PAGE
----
Epistolary correspondence. v. 19. Epistolary correspondence. Appendix to the original correspondence between Dean Swift and his friends. Correspondence between Swift and Miss Vanhomrigh
Archibald Constable and Company Edinburgh; White, Cochrane, and Company and Gale, Curtis, and Fenner, London; and John Cumming, Dublin., 1814
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Epistolary correspondence. v. 19. Epistolary correspondence. Appendix to the ...
Visualização completa - 1814
acquaintance affair answer assure believe Bishop body called cause church commands concern continue court Dean Dear Sir death desire doctor Dublin Duke England esteem expect favour fear friends give given grace half hands happiness head hear heard honour hope humble servant Ireland Irish keep kind king kingdom Lady late least leave letter ling live London Lord manner mean meet mention mind month never obedient obliged occasion perhaps person pleased pleasure poor Pope pounds Pray present printed proper reason received recommend regard respect seen sense sent sincere soon spirits sure Swift taken tell thank thing thought tion told town trouble true turn week whole wine wish write young
Página 67 - I was among you ? I would know how your own health is, and how much wine you drink in a day ? My stint in company is a pint at noon, and half as much at night ; but I often dine at home like a hermit, and then I drink little or none at all. Yet I differ from you, for I would have society, if I could get what I like, people of middle understanding, and middle rank.
Página 9 - So I went to the party suspected, and I found her full of grief; (Now you must know, of all things in the world, I hate a thief). However, I was resolv'd to bring the discourse slily about, Mrs Dukes...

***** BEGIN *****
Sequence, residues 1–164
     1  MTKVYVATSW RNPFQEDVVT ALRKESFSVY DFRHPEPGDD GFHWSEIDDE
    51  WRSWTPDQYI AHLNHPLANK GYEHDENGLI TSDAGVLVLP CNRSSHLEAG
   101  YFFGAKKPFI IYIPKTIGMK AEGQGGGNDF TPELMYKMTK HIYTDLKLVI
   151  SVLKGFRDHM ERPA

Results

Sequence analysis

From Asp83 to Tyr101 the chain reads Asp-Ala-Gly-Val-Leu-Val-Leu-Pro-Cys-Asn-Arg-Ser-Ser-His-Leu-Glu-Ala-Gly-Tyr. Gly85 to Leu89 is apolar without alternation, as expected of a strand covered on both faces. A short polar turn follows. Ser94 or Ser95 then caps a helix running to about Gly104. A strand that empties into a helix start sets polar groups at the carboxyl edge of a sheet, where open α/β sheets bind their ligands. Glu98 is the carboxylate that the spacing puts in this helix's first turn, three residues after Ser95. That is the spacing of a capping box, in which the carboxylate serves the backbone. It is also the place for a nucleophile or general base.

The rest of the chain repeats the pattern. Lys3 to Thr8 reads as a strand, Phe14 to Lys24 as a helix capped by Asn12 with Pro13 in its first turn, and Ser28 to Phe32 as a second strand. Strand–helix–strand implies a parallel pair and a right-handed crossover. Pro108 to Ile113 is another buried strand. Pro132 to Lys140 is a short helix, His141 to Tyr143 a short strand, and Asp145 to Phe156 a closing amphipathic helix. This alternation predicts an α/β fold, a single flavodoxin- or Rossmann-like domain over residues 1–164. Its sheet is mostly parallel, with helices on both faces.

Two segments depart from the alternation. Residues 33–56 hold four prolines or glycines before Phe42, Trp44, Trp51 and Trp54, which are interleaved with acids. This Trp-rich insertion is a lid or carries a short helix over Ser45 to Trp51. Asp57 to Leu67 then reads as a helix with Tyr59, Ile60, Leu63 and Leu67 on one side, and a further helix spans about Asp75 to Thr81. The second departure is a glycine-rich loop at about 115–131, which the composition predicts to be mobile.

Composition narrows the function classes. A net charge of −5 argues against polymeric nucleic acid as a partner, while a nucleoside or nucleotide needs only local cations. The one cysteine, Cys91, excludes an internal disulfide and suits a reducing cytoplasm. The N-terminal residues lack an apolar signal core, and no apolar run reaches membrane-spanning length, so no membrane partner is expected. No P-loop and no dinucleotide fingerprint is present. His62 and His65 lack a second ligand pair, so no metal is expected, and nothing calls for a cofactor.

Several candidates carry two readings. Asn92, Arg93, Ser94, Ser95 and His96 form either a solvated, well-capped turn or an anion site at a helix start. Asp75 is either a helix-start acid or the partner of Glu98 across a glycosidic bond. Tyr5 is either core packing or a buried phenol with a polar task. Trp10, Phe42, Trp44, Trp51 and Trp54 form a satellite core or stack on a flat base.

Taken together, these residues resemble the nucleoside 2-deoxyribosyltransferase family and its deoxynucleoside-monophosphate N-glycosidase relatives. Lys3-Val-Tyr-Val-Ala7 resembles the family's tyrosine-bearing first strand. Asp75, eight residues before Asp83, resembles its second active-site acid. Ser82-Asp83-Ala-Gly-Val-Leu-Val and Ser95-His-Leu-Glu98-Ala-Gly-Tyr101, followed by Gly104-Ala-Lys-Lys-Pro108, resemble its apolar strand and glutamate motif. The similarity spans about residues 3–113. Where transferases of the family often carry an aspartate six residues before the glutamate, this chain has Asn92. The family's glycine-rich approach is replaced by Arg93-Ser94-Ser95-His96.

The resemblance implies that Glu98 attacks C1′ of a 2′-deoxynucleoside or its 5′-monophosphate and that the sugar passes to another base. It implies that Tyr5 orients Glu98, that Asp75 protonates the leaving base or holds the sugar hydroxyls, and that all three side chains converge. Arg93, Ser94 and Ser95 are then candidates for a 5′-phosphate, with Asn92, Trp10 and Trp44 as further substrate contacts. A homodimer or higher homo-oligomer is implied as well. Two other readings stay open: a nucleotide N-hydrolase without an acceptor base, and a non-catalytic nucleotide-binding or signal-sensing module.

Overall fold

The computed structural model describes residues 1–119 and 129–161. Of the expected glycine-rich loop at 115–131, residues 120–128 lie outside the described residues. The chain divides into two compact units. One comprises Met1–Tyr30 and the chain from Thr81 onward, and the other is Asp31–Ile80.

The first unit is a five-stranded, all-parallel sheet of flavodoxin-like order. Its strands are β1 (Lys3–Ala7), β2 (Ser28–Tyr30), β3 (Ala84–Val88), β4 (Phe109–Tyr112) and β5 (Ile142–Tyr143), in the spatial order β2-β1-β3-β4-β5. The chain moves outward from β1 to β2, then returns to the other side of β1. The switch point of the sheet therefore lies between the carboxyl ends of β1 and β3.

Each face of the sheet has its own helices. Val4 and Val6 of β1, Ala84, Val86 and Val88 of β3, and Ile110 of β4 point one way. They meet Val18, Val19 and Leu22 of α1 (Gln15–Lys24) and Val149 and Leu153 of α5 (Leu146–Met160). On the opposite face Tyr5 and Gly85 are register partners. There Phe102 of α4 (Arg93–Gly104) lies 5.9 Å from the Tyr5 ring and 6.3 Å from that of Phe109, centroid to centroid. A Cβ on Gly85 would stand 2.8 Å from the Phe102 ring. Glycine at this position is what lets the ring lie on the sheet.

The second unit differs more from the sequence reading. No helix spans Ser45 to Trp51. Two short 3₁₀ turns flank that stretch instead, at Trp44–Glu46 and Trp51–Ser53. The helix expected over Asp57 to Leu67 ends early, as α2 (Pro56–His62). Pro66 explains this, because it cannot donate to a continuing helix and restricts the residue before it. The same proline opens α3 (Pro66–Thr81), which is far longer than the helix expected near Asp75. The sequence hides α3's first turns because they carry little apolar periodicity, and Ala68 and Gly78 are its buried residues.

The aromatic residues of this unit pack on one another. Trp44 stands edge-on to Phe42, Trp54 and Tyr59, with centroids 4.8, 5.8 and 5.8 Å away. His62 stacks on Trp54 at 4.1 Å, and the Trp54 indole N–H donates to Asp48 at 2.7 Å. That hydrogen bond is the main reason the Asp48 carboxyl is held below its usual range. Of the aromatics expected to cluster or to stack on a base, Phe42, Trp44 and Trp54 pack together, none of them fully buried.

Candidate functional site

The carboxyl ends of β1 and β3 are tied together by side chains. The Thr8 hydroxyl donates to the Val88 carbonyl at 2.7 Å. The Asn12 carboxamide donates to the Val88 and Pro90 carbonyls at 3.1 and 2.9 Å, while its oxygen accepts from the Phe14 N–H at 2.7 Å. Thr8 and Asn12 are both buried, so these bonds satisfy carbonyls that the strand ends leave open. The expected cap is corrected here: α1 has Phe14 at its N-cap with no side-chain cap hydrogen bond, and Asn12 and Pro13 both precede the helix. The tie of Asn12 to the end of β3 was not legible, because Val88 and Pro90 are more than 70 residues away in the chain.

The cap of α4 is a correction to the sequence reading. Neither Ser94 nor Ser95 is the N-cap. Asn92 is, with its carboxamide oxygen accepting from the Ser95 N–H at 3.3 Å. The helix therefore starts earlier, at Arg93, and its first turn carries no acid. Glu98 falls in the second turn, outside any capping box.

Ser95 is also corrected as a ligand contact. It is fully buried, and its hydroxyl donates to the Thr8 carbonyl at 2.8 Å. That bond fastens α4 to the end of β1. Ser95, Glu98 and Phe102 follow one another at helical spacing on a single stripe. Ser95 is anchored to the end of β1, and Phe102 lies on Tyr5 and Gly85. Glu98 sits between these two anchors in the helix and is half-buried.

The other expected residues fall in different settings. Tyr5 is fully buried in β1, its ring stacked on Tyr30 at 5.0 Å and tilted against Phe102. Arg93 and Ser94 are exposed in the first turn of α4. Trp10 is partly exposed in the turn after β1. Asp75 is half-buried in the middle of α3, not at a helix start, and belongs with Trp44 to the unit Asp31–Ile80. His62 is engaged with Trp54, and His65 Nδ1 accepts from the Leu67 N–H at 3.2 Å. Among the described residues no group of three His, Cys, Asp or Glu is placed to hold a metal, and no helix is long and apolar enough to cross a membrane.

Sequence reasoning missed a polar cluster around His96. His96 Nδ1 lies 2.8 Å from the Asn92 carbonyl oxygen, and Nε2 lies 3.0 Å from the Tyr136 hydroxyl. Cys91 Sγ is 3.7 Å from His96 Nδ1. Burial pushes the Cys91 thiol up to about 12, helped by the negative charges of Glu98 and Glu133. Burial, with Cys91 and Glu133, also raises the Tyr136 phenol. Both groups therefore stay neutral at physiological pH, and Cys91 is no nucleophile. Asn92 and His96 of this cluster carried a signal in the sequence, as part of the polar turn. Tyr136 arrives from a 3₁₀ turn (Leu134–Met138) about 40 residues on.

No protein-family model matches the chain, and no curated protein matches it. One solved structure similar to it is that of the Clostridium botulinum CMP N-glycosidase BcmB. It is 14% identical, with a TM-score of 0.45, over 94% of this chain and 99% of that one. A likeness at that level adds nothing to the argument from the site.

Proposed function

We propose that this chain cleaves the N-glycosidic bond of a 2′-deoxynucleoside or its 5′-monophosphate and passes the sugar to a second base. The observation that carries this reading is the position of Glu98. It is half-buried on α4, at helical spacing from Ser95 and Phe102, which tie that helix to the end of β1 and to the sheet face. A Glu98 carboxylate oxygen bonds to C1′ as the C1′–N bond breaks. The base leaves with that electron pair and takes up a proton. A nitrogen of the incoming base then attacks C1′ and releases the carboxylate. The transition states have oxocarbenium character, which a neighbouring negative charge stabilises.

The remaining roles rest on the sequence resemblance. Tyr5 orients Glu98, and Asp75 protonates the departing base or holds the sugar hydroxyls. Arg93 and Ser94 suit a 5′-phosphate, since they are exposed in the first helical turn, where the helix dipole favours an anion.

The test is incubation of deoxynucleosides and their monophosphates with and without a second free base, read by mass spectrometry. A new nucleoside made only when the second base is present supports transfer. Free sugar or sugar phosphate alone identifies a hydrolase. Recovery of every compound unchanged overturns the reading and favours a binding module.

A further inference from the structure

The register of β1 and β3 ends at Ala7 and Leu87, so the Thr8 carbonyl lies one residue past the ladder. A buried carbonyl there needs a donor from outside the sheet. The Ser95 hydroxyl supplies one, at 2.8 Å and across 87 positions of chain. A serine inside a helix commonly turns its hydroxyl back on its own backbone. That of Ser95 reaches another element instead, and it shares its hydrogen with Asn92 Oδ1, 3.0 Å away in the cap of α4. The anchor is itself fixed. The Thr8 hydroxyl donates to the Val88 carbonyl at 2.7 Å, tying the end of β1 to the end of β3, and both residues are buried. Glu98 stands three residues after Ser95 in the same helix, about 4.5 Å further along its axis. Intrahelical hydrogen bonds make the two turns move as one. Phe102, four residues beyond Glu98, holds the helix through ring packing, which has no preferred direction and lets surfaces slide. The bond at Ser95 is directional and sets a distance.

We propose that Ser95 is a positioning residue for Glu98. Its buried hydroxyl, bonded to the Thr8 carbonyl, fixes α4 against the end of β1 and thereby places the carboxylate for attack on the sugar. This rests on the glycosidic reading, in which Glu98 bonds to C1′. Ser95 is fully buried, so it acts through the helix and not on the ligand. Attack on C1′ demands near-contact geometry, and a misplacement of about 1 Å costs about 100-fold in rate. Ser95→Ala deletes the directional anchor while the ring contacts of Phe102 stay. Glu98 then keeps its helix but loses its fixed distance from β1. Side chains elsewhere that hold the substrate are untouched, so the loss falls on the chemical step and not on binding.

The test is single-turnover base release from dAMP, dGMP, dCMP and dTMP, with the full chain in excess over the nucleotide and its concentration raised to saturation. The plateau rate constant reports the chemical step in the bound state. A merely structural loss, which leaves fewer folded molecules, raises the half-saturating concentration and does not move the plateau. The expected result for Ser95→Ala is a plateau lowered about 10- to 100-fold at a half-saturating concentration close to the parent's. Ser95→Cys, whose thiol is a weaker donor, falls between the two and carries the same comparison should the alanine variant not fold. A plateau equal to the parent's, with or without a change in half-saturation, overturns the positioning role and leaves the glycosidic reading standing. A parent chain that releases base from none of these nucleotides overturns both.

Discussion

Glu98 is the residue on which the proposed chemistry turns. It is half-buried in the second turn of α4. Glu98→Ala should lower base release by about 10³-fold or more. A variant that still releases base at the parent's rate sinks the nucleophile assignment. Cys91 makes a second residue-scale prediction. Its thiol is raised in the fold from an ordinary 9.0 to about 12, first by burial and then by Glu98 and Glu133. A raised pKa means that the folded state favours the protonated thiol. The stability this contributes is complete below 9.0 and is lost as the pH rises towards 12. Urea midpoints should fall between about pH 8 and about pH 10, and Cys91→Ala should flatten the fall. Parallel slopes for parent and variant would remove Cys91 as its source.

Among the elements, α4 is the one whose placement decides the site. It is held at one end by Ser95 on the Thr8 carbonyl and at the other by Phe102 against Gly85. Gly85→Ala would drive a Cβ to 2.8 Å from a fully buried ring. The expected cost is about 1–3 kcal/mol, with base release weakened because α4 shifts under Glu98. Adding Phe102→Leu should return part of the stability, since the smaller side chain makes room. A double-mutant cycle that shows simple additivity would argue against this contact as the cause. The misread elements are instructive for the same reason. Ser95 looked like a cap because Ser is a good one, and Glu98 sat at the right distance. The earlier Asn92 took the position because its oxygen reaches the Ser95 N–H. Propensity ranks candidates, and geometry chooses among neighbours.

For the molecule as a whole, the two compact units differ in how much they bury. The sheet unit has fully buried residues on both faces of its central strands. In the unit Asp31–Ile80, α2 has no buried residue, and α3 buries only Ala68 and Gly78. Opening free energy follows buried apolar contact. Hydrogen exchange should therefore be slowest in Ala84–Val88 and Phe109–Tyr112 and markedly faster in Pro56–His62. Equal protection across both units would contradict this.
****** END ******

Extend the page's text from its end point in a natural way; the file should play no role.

Página 120 - God ! how often are we to die before we go quite off" this stage ? in every friend we lose a part of ourselves, and the best part. God keep those we have left! few are worth praying for, and one's self the least of all.
Página 403 - To answer your question as to Mr. Hughes ; what he wanted in genius, he made up as an honest man ; but he was of the class you think him.
Página 280 - I know, says he, in one of these, how little regard you pay to writings of this kind : but I imagine, that if you can like any, it must be those that strip metaphysics of all their bombast, keep within the sight of every well constituted eye, and never bewilder themselves, whilst they pretend to guide the reason of others.
Página 137 - I had often postscripts from her in our friend's letters to me, and her part was sometimes longer than his, and they made up a great part of the little happiness I could have here.
Página 341 - ... a vicious way of rhyming, wherewith Dryden abounded, and was imitated by all the bad versifiers in Charles the Second's reign. Dryden, though my near relation, is one I have often blamed as well as pitied. He was poor, and in great haste to finish his plays, because by them he chiefly supported his family...
Página 289 - God be thanked I have done with every thing, and of every kind, that requires writing, except now and then a letter ; or, like a true old man, scribbling trifles only fit for children or schoolboys of the lowest class at best, which three or four of us read and laugh at to day, and burn to morrow.